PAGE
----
On the first day of Chinese New Year, ritual homage is offered to ancestors and reverence paid to the gods. New clothes are worn and younger family members greet their elders saying Kong Xi Fatt Chai (Mandarin) or Kong Hei Fatt Choi (Cantonese), meaning “congratulations and prosperity”. The ang pow, a red envelope with cash, is given by married couples to children and unmarried adults.

The seventh day of Chinese New Year is known as “everybody’s birthday”. On this day, the Chinese eat yee sang, a combination of raw fish, pickled ginger, shredded vegetables, lime and various sauces. This meal is supposed to bring prosperity and good fortune to those who eat it.

On the eighth day, the Hokkien-speaking community pray to Tee Kong, the God of Heaven at midnight. On the ninth day, numerous offerings are set out in the forecourt or central courtyard of temples to celebrate the birthday of the Jade Emperor. The 15th day is Chap Goh Mei which marks the official end of Chinese New Year.

During the Chinese New Year period, many Chinese families often receive visitors at home. Relatives and friends, regardless of their race and religion call on one another, exchanging good wishes and gifts like tangerines (called Kam in Cantonese, meaning “Gold”) and other traditional New Year delicacies.

The Chinese New Year open house, like other major celebrations in the country, is also held on a national level to enable all Malaysians and tourists to enjoy the cultural event. The Malaysian open house concept bears testimony to the fact that tolerance and mutual respect prevail in this multi-racial country.
Through the customs and traditions of Chinese New Year, the spirit of peace, good health, happiness and prosperity is engendered and spread among people.

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Chinese New Year Trivia

1)

Gong Xi Fa Cai, as many mistakenly believe is, not Happy New Year. It means I Wish You Prosperity.

2)

Dumplings are synonymous with prosperity. It is believed that the more you consume the delicacy, the wealthier you would become.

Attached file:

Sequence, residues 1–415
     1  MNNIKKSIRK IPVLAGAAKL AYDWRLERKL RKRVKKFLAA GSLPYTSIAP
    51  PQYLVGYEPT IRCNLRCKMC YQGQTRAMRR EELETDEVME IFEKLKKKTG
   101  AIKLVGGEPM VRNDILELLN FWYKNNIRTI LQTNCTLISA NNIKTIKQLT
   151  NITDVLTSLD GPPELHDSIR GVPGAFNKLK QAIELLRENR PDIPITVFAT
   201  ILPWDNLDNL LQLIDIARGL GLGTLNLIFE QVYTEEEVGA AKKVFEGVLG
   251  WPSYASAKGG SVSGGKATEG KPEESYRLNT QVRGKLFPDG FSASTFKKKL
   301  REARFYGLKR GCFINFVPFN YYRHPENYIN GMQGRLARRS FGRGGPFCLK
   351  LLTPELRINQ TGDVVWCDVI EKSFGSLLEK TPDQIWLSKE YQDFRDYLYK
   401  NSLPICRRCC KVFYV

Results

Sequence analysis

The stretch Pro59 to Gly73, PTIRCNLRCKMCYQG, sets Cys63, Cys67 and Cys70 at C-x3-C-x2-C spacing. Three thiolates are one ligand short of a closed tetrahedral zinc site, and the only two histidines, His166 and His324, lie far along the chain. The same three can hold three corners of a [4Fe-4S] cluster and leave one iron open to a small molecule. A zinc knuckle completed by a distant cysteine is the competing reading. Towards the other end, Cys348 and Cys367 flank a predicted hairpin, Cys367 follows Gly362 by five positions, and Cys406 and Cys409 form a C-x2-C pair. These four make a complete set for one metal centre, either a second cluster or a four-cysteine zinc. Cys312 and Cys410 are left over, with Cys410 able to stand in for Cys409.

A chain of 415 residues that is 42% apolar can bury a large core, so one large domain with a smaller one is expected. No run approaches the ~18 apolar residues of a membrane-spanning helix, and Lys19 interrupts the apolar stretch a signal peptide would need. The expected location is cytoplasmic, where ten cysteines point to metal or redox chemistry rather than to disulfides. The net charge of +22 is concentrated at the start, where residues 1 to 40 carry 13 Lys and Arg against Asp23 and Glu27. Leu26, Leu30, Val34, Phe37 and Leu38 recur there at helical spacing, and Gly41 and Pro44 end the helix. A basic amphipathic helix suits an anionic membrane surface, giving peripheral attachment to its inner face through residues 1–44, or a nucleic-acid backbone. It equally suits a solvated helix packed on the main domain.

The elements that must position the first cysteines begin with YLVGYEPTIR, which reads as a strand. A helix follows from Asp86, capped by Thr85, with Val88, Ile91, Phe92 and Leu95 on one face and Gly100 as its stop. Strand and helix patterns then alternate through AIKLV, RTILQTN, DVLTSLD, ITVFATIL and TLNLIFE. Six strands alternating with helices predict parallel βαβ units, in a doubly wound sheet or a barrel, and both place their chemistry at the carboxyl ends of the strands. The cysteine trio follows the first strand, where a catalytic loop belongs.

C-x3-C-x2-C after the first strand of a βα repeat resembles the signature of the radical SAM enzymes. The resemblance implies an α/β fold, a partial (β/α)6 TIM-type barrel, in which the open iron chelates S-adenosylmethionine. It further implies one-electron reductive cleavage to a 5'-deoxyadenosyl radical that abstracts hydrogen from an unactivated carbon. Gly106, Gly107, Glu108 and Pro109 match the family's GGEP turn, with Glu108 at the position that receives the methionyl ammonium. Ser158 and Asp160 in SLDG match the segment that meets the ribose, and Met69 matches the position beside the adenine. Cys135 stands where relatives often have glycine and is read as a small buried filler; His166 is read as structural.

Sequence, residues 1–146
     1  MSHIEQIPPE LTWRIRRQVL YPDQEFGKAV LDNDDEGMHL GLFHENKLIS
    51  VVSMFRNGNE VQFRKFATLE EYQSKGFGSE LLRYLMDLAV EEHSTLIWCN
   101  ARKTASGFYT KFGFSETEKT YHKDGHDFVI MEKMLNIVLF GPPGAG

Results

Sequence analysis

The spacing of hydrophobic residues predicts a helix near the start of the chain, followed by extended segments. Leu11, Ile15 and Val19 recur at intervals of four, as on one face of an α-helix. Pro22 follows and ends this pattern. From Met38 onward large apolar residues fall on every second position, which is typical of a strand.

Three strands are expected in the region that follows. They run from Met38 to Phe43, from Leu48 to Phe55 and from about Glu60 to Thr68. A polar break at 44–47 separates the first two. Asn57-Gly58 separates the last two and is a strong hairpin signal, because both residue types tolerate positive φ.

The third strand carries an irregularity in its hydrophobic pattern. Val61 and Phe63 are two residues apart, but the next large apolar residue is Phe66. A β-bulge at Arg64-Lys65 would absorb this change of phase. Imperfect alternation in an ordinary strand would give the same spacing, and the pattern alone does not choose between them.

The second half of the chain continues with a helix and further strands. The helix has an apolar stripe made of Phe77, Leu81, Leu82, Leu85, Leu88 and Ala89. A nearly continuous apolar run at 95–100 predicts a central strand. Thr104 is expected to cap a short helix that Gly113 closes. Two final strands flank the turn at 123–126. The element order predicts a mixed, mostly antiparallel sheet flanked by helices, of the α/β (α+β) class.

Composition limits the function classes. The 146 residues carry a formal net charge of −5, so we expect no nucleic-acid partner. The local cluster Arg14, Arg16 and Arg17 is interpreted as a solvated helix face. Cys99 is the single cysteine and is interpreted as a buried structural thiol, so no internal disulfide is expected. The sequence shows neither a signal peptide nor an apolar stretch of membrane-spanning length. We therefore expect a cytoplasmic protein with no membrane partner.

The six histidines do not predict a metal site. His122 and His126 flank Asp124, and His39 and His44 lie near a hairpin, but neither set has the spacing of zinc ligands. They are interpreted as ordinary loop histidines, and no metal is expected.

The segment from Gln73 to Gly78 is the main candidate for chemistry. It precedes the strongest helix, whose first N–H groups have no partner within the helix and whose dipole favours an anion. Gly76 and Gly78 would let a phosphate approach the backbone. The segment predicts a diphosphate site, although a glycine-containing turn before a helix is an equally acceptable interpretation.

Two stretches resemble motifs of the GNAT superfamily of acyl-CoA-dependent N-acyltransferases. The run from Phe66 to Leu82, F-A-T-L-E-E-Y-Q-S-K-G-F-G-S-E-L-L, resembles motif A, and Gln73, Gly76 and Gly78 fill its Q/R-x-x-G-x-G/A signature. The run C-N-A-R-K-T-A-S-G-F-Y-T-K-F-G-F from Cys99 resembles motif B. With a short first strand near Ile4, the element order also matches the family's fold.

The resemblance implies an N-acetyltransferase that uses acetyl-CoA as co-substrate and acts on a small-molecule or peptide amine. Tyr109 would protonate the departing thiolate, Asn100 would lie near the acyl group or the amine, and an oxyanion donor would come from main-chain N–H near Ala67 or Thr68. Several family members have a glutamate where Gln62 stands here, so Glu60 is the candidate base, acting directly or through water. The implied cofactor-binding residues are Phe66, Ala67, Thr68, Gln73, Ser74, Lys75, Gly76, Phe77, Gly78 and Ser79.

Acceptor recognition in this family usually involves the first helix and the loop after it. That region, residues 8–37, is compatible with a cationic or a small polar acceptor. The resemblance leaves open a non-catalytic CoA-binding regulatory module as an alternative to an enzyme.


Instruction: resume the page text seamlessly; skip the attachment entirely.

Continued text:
3)

Sweet food items are usually served in a tray consisting of 8 portions.  Apart from symbolizing unity and togetherness and unity, the number 8 is traditionally considered a lucky number.

4)

Noodles signify long life. You’re supposed to be consuming them in the length they come. If you cut them to make swallowing manageable, you run the risk of shortening your life.

5)

One should really be quiet and not say anything while making the nian gao, customarily offered to the Kitchen God before his return to Heaven to present his report on each household to the Jade Emperor. A slip of the tongue is not going to put you in the good books of the God.

6)

What are the differences between five-clawed, four-clawed and three-clawed dragons in ancient China? Not all dragons are created equal in ancient China, though the winged creature was an emblem for the Emperor and royals. During  the Zhou Dynasty, the five-clawed dragon signified the Son of Heaven (Emperor), the four-clawed were the nobles and three-clawed were represented the ministers.

7)

We mentioned that Westerners portrayed the dragon as an evil beast.  Not all Westerners think of dragons as malevolent though.The Scandinavians, for instance, thought highly of dragons. They worshipped and revered the creature which inspired the design of their famed war boats. Of  course these vessels bore the names of venerated dragons.  

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Here Comes The Dragon